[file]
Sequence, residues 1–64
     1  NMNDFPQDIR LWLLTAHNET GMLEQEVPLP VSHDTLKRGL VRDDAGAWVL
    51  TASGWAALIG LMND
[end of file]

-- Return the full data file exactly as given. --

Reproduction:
Sequence, residues 1–64
     1  NMNDFPQDIR LWLLTAHNET GMLEQEVPLP VSHDTLKRGL VRDDAGAWVL
    51  TASGWAALIG LMND